On July 6, 1887, King David Kalakaua signed a new constitution for the Kingdom of Hawaii. Kalakaua was forced to sign the law at gunpoint, and the document is nicknamed the “Bayonet Constitution.”The new constitution was written by a group of white businessmen and lawyers who wanted the kingdom to be part of the United States. This group, called the Hawaiian League, was supported by an armed militia called the Honolulu Rifles. Many members of the Hawaiian League were affiliated with Hawaii’s giant, lucrative sugar and pineapple plantations.The new constitution reduced the power of the Hawaiian monarchy, placing most legal authority in the hands of the legislature. The constitution also changed voting rights in the kingdom. Only men of Hawaiian, American, and European ancestry who met certain financial requirements could vote. (This disenfranchised thousands of Asian voters, and opened voting to thousands of non-citizens.)
Term Part of Speech Definition Encyclopedic Entry affiliate Verb
to associate or connect to something else.
family (genealogical) or historical background.
to add or incorporate land into an existing parcel, state, or nation.
person or organization responsible for making decisions.
knife-like tool that is attached to the muzzle (discharge point) of a gun.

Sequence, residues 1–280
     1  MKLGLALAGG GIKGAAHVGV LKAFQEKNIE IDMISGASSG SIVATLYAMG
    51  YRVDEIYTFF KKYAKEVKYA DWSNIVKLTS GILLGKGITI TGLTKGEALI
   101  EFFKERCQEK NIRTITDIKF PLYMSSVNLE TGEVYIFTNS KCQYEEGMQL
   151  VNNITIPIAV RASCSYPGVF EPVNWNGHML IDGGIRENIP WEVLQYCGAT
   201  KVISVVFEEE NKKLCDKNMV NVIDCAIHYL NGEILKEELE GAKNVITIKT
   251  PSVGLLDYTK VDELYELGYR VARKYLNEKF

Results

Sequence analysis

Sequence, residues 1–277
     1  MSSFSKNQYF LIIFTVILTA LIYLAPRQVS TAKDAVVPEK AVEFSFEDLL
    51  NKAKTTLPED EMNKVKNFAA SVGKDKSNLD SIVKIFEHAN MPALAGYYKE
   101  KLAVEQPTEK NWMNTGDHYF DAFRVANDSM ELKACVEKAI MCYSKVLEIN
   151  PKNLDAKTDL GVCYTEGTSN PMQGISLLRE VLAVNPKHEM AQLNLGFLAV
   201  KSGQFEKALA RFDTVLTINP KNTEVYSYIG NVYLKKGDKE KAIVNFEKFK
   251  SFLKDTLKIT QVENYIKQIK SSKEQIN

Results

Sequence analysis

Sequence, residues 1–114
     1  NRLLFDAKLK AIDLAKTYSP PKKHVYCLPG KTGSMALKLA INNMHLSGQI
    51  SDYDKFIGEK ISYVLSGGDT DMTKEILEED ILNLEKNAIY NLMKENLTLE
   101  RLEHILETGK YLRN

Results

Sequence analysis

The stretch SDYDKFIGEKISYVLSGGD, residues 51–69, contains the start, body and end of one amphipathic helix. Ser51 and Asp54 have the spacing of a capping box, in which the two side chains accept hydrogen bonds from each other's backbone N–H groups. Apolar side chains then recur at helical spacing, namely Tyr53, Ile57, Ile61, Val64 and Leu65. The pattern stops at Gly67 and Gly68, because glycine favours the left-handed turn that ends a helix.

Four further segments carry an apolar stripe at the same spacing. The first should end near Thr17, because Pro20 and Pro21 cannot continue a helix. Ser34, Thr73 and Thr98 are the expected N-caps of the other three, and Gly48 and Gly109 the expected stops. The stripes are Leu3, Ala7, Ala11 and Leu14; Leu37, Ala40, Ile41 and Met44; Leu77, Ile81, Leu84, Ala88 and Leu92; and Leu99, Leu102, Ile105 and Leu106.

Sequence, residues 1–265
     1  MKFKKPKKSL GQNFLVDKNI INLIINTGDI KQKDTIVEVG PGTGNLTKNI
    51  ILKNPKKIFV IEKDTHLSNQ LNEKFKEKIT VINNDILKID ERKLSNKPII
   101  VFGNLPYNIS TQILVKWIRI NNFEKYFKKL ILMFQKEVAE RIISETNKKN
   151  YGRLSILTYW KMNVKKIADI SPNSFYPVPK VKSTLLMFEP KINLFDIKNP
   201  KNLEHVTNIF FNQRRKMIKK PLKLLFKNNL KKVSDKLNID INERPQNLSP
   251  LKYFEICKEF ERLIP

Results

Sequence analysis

member of a country, state, or town who shares responsibilities for the area and benefits from being a member.
system of ideas and general laws that guide a nation, state, or other organization.
to take away certain rights, usually voting.
having to do with money.
type of government with a king or queen as its leader, or the land ruled by that king or queen.
Encyclopedic Entry: kingdom legal Adjective
allowed by law.
group of people, usually elected, who make and change laws.
profitable or money-making.
group of armed, ordinary citizens who are called up for emergencies and are not full-time soldiers.
system of government in which national power is invested in one person, usually a king or queen.
large estate or farm involving large landholdings and many workers.
to lower or lessen.
to rule as a monarch.
something that is needed.
voting rights Noun
issues surrounding the legal right and ability to campaign and cast a vote in political elections.